EU Bans Mobile Roaming Charges
Today is a fine day for regular visitors to France and the EU
Since the first mobile phones came into circulation, network companies have charged extortionate prices on mobile roaming. When smartphones with internet access became the norm these charges were extended to data usage, reeking havoc on the unwary traveller. Unless you had a fantastic data roaming contract with your network, your mobile phone was practically burning a hole in your pocket, allowing a stream of frittered euros to scatter into the gutter.
However, after a long campaign, the European Commission uncovered the fact that these roaming charges had little grounding in logic, given that modern network infrastructure made it just as easy for your phone to operate in another country. They were simply a way for network companies to make a tidy sum on the millions of tourists who travel abroad each year.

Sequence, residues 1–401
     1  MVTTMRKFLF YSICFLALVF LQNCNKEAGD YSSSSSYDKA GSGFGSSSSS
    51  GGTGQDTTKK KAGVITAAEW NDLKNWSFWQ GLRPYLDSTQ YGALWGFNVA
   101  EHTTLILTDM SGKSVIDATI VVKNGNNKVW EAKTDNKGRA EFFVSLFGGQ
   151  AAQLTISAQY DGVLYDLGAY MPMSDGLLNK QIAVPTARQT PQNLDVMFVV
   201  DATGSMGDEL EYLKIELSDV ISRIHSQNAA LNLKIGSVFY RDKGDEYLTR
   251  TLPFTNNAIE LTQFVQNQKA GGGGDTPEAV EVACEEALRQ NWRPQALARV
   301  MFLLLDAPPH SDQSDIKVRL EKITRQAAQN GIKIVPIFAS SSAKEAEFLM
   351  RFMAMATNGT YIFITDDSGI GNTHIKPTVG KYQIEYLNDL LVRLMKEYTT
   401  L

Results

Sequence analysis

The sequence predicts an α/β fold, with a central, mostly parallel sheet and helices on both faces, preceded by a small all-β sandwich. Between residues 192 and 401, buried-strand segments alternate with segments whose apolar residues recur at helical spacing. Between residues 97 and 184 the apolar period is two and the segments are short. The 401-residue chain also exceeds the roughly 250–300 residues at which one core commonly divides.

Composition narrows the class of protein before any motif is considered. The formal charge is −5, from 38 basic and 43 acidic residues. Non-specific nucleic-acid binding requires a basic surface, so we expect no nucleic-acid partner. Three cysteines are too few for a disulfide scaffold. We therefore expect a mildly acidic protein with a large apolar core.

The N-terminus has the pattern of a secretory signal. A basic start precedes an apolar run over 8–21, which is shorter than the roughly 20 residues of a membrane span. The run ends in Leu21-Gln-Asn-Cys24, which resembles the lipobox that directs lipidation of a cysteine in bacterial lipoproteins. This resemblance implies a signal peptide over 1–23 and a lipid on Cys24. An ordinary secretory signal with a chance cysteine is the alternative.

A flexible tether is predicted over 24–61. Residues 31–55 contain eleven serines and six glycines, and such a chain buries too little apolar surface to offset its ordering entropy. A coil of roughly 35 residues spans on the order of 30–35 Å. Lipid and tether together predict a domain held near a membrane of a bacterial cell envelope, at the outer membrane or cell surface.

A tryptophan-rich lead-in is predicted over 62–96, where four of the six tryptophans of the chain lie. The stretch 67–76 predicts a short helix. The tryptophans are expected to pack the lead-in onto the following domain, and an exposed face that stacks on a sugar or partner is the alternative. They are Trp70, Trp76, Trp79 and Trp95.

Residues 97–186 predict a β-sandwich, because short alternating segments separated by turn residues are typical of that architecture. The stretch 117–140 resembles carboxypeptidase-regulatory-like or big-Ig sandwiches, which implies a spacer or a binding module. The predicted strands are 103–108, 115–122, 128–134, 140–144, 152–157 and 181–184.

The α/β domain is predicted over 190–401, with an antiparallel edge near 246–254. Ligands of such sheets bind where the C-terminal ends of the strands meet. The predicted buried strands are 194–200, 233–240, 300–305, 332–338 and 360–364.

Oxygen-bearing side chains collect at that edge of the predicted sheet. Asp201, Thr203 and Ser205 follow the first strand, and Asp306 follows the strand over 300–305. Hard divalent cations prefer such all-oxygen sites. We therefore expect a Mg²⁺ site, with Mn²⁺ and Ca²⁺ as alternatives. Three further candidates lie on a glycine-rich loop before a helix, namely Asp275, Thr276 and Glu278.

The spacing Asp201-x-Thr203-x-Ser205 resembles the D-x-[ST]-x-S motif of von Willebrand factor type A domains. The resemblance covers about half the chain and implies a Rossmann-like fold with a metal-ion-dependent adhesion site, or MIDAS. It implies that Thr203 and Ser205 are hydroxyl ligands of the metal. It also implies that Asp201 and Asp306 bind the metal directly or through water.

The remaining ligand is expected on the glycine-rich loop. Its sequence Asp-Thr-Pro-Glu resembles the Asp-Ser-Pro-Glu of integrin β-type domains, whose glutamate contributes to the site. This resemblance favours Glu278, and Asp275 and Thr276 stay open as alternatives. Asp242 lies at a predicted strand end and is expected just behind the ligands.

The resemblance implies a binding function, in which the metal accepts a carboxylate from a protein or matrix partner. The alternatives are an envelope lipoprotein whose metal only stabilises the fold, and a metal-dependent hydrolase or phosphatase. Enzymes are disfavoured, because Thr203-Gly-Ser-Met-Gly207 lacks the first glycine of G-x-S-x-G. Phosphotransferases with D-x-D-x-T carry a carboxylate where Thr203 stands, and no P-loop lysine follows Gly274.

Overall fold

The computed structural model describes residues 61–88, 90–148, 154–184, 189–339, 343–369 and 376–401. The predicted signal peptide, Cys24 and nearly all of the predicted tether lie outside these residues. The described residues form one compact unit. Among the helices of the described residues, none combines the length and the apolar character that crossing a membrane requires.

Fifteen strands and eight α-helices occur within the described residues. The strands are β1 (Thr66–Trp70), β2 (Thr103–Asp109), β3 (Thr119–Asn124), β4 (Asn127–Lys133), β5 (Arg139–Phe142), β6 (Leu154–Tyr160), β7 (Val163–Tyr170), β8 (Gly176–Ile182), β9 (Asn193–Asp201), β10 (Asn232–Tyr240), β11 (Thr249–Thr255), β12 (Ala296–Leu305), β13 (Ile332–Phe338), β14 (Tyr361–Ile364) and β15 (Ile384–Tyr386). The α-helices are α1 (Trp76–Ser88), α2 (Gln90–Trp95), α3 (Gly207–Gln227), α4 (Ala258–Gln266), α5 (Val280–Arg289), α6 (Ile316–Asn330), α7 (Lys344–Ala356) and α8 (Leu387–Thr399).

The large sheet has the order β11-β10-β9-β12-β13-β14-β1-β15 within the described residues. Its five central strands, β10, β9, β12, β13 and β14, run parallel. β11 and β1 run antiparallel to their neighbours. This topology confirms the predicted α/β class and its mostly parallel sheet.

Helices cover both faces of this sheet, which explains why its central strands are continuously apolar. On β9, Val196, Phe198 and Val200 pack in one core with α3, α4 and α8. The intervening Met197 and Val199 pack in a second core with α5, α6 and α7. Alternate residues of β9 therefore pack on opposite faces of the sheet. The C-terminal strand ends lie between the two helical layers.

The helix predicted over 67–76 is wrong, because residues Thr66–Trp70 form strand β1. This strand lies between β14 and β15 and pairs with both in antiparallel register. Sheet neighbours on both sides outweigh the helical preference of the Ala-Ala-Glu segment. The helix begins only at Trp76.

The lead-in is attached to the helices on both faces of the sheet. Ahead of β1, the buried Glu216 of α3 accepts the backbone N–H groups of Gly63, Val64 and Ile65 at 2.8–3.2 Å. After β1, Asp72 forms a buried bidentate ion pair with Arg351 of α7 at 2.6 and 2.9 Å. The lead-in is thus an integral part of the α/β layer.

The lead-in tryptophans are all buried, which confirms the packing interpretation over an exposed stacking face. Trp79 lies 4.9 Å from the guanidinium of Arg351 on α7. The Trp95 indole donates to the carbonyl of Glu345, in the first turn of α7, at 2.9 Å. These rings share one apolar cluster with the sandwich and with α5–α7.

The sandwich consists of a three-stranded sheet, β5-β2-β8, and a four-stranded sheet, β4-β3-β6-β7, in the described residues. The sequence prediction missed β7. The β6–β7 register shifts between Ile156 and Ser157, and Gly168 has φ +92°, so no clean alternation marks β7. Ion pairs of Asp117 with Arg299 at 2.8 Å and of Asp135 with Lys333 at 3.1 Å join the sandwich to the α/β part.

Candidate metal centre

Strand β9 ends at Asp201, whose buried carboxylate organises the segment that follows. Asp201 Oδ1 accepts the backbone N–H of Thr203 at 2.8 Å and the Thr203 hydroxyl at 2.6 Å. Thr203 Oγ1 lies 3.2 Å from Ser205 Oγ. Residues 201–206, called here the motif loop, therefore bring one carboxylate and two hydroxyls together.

As of today, the 15th of June 2017, these roaming charges are outlawed by the EU. Hooray!
So what does this mean for Europeans using their phones in France?
- You will now be charged the same price for making calls within France as at home in the UK or any other EU country.
- You will be charged the same price for data usage in France as at home. Therefore using the internet abroad is no longer something to avoid. You’ll be able to read our articles on your mobile in France for the same price as at home.
- Using a separate SIM card while you are in France is no longer necessary, unless you have found a better call plan with a French network.
What about Brexit..?
For the moment it is unclear what the affect of Brexit will be on this new law for UK residents travelling abroad. Legally networks in the UK wouldn’t have to follow the rules of the EU Commission after Brexit, and considering these tariffs have been hugely profitable for mobile companies it’s difficult to imagine they wouldn’t want to continue with them. However, the network Three has declared that they won’t be adding on roaming charges for UK mobiles.
For the moment however, calls in France will be much cheaper; so why not celebrate with that long phone call to the bank you’ve been putting off?
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By Theo Gittens
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